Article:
Control angiography with the stent in situ (Fig. 35.2c, d) showed some antegrade flow through the deployed stent, with filling defect consistent with thrombus in the supraclinoid ICA and carotid terminus region. The stent was left in situ for 5 minutes to allow incorporation of thrombus and then retrieved with flow arrest and suction. Some small clot fragments were retrieved in the stent; however, there was no back bleeding through the guide catheter, even with aspiration. The guide catheter was removed and flushed on the angiography table. Three large pieces of thrombus were flushed from the guide catheter. Total retrieved thrombus length was approximately 2 cm. The catheter was cleaned thoroughly and flushed. Using the same coaxial approach as before, the guide catheter was again placed in the left ICA. Control angiography showed complete recanalization of the left ICA, MCA, and now filling of left ACA from the carotid injection (Fig. 35.2d, e). There was complete reperfusion of the distal territory, with no evidence of distal clot migration or distal emboli, and no evidence of narrowing or spasm at site of thrombectomy.
All devices were removed. Hemostasis of the femoral artery puncture site was achieved by insertion of an 8-Fr Angio-Seal.
The patient demonstrated on-table improvement following recanalization and reperfusion, with improved power in the right arm and leg, along with improvement of aphasia and neglect. She was transferred to the neuro high-dependency unit (HDU) in stable condition for further monitoring and care. NCCT of the head performed 24 hours postprocedure demonstrated infarction in the left lentiform nucleus, caudate, insula, and small-volume patchy left frontal lobe infarction, with no evidence of hemorrhage. Following CT, the patient was commenced on IV heparin infusion for anticoagulation. Subsequently, anticoagulation with apixaban was commenced.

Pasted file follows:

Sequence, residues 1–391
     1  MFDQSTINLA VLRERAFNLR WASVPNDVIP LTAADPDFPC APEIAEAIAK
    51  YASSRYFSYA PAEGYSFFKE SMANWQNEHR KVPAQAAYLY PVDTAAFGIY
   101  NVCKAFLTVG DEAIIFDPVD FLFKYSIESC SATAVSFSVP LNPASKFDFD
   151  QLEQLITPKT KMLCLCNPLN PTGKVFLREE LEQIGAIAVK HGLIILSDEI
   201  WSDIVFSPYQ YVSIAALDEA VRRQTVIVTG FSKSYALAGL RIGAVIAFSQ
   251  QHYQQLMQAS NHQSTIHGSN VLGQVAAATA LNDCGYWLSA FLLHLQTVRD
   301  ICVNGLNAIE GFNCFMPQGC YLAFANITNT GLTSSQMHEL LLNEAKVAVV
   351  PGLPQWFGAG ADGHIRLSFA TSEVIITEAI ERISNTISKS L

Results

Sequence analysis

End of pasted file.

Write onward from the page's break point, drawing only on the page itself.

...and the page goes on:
MRI with time of flight (TOF) MRA and vessel wall imaging were performed at 3 Tesla 5 days postthrombectomy. Diffusion-weighted imaging showed diffusion restriction in a pattern similar to previous postprocedural CT (Fig. 35.3a, b), involving left lentiform nucleus posteriorly, caudate, insular region, and small-volume infarction in the left frontal lobe, with sparing otherwise of basal ganglia, internal capsule, and most of the left MCA territory. MRA (Fig. 35.3c) showed normal appearance to the left ICA, carotid terminus, MCA, and ACA with no evidence of luminal irregularity or narrowing. Vessel-wall imaging was performed (Fig. 35.4a–f) with the following protocol: pre- and postcontrast T1 FLAIR and T2-weighted images in axial, coronal, and sagittal oblique planes with slice thickness of 2 to 3 mm and matrix size 512 × 512. There was no evidence of intrinsic T1 hyperintensity to suggest intramural thrombus on precontrast imaging (Fig. 35.4a, c). Gadolinium-enhanced T1 FLAIR showed concentric wall thickening and enhancement of the left M1 and proximal M2 segment of MCA (Fig. 35.4b, f), and enhancement of the left supraclinoid ICA and ICA termination (Fig. 35.4d, e). This corresponded to the location of deployment of the stent retriever.